Mod­erni­sa­tion

The end of the Cold War saw a whole new mar­ket open for the L-39 and its de­riv­a­tives, the next gen­er­a­tion of which would be an en­tirely dif­fer­ent breed of cat. The ag­ile, sim­ple trainer was about to be­come a very ca­pa­ble and well equipped com­bat air­craft.

Aviation Classics - - CONTENTS -

From the be­gin­ning of the 1990s it was re­alised that, in or­der to at­tract cus­tomers to the L-39 from the new range of coun­tries now open to Aero, the air­craft would have to be ex­ten­sively ‘west­ern­ised’. The Rus­sian style in­stru­ments would have to be re­placed with the com­mon stan­dard of equip­ment found in air­craft through­out the western world and a suit­able re­place­ment en­gine for the Ukrainian man­u­fac­tured AI25TL would need to be found. The need for the en­gine was not be­cause there was any­thing sig­nif­i­cantly wrong with the AI-25, it had per­formed re­li­ably since the L-39 first flew, but be­cause it was re­alised that western cus­tomers would pre­fer a more lo­cal sup­ply chain for spares and main­te­nance. In terms of size and power out­put, the best choice avail­able at the time was the Gar­rett TFE 731, a geared tur­bo­fan from 1972 which had been fit­ted to an in­ter­na­tional range of busi­ness jets and three jet train­ers, in­clud­ing Spain’s CASA C-101 Avio­jet. The two en­gines were re­mark­ably sim­i­lar in phys­i­cal size, both the AI-25TL and TFE 731 hav­ing a di­am­e­ter of 39in (1m), the Gar­rett en­gine be­ing shorter and 37lb (17 kg) lighter. The TFE 731-4 was cho­sen, which pro­duced 4080lb (1850kg) of thrust, about 300lb (136kg) more than the AI-25, but it was in the fuel con­sump­tion that the big­gest dif­fer­ence oc­curred. The TFE 731 burned 15% less fuel than the ear­lier en­gine, be­stow­ing a com­men­su­rate in­crease in range and en­durance.

In 1991, a test in­stal­la­tion of this en­gine was be­ing de­vel­oped, the air­craft be­ing des­ig­nated the L-139. A new en­gine mount had to be de­vised and many of the en­gine driven sys­tems had to be mod­i­fied. The Saphir 5 aux­il­iary power unit, used for en­gine start­ing and pro­vid­ing ground power at aus­tere op­er­at­ing sites, was no longer re­quired be­cause the en­gine gear­box was al­ready fit­ted with a starter gen­er­a­tor. Like­wise, the emer­gency ram air tur­bine was no longer needed as the en­gine sys­tems in­cluded an emer­gency gen­er­a­tor, both of these dele­tions sav­ing a great deal of weight. Flight Vi­sions, the com­pany that had co­op­er­ated with Aero on the in­te­grated weapons de­liv­ery and nav­i­ga­tion sys­tem (WDNS) for the L-59, along with Bendix King, de­vel­oped a sim­i­lar WDNS for the L-139. This pre­sented its data to the pilots on a Head Up Dis­play (HUD) and Elec­tronic Flight In­stru­ment Sys­tem (EFIS) dis­play in the front cock­pit and a HUD re­peater screen in the rear. The HUD data could also be cap­tured dur­ing flight to as­sist in de­brief­ings. Two other ma­jor sys­tem changes were made. An on-board oxy­gen gen­er­at­ing sys­tem (OBOGS) that took bleed air from the en­gine re­placed the stan­dard oxy­gen bot­tles and a fa­tigue and stress mon­i­tor­ing sys­tem was in­stalled to de­ter­mine the ac­tual ser­vice life of the air­frame. Like the L-39MS, the ejec­tion seats were the Czech de­signed and man­u­fac­tured VS-2 zero-zero units, but the canopy had re­mained the two-piece de­sign of the ear­lier air­craft rather than the sin­gle piece de­sign of that air­craft, be­cause the ba­sic front fuse­lage struc­ture was iden­ti­cal to the L-39. On May 8, 1993, Ladislav Snýdr and Stanislav Vo­hanka took the pro­to­type L-139 into the air for the first time. Af­ter a short test flight pro­gramme, the L-139 made its public de­but at the Paris Air Show later that year. A num­ber of Amer­i­can test pilots, in­clud­ing Steve Barter from Gen­eral Dy­namic and Allan Frazer from Mcdon­nell Dou­glas, gave the L-139 favourable re­views, so it was de­cided to en­ter the type into the Joint Pri­mary Air­craft Train­ing Sys­tem (JPATS) com­pe­ti­tion in the US. The com­pe­ti­tion was in­tended to pro­vide a new ba­sic trainer for the US Air Force and US Navy, a con­sid­er­able con­tract as it in­cluded over 500 air­craft and their as­so­ci­ated train­ing and ground sup­port equip­ment. One of the stip­u­la­tions of the com­pe­ti­tion was that the air­craft be a proven, off the shelf de­sign, pro­vided in part through part­ner­ship with an Amer­i­can com­pany. To this end, Aero teamed up with Gen­eral Dy­nam­ics to en­ter the L-139 as it more than ful­filled all of the per­for­mance re­quire­ments. Un­for­tu­nately, Gen­eral Dy­nam­ics sold its air­craft di­vi­sion to Lock­heed in March 1993, and Lock­heed al­ready had a part­ner for the JPATS com­pe­ti­tion, Ale­nia Aer­ma­c­chi with the MB-339 T-bird II, so the Aero L-139 JPATS bid came to naught. Sur­pris­ingly to many observers, the win­ner of the com­pe­ti­tion emerged on June 25, 1995, as the Beechcraft Raytheon T-6 Texan II, a mod­i­fied ver­sion of the Pi­la­tus PC-9 Mk II, a tur­bo­prop air­craft.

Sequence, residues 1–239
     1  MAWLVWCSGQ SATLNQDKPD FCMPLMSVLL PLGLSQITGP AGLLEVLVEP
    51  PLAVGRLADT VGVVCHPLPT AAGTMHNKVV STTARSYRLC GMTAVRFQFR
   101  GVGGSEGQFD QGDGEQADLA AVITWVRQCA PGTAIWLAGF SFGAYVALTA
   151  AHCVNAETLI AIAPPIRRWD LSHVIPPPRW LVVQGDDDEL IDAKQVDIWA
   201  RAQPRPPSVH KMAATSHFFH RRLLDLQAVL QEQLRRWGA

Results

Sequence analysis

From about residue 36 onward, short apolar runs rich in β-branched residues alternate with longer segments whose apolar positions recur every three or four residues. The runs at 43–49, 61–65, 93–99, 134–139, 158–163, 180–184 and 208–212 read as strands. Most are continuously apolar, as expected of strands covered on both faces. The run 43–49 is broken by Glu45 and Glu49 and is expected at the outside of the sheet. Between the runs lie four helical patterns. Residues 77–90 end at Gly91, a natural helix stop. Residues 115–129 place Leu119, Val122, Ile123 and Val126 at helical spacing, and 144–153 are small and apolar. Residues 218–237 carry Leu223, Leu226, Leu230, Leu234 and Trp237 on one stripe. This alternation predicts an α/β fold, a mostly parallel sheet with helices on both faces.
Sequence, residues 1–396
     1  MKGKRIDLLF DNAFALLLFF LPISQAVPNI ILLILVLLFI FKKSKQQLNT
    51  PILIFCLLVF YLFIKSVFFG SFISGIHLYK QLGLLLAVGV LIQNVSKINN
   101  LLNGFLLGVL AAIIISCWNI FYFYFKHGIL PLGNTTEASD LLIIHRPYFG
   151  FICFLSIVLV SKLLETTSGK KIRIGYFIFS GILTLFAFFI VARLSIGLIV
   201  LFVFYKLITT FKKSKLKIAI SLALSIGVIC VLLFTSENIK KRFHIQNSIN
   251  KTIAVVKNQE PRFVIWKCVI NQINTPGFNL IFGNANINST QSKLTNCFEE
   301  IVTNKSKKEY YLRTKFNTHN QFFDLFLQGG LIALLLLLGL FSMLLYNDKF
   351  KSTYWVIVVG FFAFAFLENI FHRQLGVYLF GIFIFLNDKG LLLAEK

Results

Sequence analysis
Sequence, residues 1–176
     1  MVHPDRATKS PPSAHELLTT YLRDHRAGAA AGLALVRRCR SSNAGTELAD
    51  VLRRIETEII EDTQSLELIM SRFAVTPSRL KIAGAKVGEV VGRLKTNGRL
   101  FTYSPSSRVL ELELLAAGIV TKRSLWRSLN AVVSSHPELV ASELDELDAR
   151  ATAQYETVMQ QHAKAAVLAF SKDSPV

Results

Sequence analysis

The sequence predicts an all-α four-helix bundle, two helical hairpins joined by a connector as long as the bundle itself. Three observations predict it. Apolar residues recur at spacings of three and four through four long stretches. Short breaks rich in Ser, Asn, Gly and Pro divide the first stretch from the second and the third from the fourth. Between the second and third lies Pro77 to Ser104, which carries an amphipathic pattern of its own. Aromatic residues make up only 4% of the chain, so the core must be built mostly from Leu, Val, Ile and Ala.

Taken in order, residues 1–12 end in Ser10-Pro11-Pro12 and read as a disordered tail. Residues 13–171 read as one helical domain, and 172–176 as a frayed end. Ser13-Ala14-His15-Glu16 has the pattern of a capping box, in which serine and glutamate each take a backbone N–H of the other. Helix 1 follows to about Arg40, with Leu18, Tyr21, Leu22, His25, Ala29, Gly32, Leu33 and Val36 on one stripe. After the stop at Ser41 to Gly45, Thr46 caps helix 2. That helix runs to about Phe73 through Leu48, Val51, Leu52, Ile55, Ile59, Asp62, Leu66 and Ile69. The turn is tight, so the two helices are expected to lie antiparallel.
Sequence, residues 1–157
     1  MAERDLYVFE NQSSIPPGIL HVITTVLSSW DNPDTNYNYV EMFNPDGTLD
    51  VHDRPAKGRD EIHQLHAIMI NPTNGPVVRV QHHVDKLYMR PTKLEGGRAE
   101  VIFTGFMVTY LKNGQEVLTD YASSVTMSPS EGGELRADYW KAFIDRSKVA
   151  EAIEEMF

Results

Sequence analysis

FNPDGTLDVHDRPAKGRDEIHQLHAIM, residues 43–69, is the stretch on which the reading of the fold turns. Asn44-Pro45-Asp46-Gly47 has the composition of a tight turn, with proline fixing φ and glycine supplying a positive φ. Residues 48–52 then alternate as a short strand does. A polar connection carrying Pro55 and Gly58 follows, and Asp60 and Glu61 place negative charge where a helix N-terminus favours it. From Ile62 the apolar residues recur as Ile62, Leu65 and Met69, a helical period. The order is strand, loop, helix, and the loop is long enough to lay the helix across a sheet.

ABOVE: The pro­to­type of the L-139 in the colour scheme it ap­peared in at the Paris Air Show in 1993. Pavel Kucˇera RIGHT: The Gar­rett TFE 731 tur­bo­fan be­ing fit­ted to the L-139 pro­to­type. Pavel Kucˇera

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